It was Sergente Maldini of the second Squadra, and he was preparing to point out some flaw in the Tenente's plan, it seemed. Without even waiting for a reply, the Sergente continued:
"Caporale Materazzi reports that the enemy is preparing to attack the flank in strength, Tenente. I'll send him over the road to stop it."
Tenente Gennaro Gattuso was furious. The insolence!
"You will NOT, Sergente. We need to keep our forces in close order, otherwise control will be lost and we will be destroyed in detail. Besides, Materazzi haven't got the firepower to stop a mob of angry babushkas in his group."
The Sergente smiled. "I have already arranged my group to provide cover, Tenente. Marco is crossing the road now."
Caporale Marco Materazzi was running like a man possessed. The knowledge that the fate of the entire platoon rested on his shoulders made him ignore the taste of blood in his mouth, and the sharp cracks of the sniper firing on his group. Damn! One of the men, Allessandro, went down as his right knee exploded in blood and splintered bone. But they were closing in on the barn where he had seen the Russian scouts. They had been nailing those red pieces of cloth on the wall, an unmistakable sign that this was the intended rout of an advance. If he could reach the position first, it might discourage the Soviet forces from attacking altogether.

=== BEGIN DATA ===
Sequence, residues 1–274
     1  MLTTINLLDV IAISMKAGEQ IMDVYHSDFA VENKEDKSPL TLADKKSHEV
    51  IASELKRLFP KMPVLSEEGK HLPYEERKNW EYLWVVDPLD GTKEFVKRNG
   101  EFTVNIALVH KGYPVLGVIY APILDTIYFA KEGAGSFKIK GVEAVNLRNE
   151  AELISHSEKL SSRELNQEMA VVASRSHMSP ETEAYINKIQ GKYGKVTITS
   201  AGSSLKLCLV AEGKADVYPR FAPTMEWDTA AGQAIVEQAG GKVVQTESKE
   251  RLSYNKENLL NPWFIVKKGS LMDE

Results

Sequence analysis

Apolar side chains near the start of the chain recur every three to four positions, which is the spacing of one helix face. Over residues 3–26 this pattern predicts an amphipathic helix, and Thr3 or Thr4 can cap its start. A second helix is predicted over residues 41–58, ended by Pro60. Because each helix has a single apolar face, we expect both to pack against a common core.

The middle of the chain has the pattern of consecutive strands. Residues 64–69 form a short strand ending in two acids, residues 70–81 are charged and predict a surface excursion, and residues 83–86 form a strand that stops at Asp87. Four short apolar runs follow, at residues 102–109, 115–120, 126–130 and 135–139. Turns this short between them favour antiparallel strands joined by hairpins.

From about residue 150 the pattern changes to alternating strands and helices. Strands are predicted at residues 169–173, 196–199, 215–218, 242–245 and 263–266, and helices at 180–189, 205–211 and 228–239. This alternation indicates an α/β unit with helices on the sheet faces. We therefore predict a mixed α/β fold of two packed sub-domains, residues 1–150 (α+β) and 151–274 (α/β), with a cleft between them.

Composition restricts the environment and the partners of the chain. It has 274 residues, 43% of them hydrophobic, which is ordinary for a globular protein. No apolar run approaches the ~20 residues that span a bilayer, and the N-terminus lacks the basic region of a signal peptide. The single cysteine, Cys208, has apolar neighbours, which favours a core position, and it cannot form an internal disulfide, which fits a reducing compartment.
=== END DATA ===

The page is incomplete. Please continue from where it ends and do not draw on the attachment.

.Meanwhile, the Tenente was angrily trying to keep up a semblance of orderly resistance. The enemy was indeed trying to advance into the gardens, but so far only infantry had been visible. Firing from Sergente Pirlo's Squadra had made the Soviets hesitate, and when Gattuso ordered the flamethrower team to join Pirlo, it seemed that the aggressiveness went out of the enemy completely. Gattuso tried to get the men into a wider firing line, if the enemy should resume their advance, but he simply did not have the men to do it. If the push would come now, they would fold. And Tenente Gattuso knew who would be to blame: That bastardi Sergente Maldini, who was still covering the doomed advance of Caporale Materazzi.
"All right men, we have them now. Keep firing!"